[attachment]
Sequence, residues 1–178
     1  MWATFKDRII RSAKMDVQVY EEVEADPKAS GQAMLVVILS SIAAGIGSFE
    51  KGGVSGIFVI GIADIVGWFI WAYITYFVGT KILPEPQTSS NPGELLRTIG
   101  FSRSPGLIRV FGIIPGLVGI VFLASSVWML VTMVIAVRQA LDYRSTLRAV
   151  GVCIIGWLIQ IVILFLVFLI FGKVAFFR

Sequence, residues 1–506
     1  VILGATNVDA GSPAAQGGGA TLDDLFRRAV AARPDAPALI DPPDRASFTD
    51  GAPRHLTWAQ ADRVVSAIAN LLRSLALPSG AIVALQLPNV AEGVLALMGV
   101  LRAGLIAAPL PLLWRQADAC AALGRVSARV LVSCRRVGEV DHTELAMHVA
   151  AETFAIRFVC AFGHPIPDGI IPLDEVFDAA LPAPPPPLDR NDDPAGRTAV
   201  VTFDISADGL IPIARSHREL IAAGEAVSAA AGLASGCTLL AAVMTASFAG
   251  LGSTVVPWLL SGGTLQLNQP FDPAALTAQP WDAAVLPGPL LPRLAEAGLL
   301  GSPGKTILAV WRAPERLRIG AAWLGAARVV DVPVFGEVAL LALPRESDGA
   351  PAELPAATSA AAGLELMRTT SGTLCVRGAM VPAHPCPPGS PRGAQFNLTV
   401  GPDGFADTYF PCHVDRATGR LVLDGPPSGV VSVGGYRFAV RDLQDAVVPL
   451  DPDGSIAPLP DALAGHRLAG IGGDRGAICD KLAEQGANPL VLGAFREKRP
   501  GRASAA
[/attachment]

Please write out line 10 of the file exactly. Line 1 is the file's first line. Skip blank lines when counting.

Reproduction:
   151  AETFAIRFVC AFGHPIPDGI IPLDEVFDAA LPAPPPPLDR NDDPAGRTAV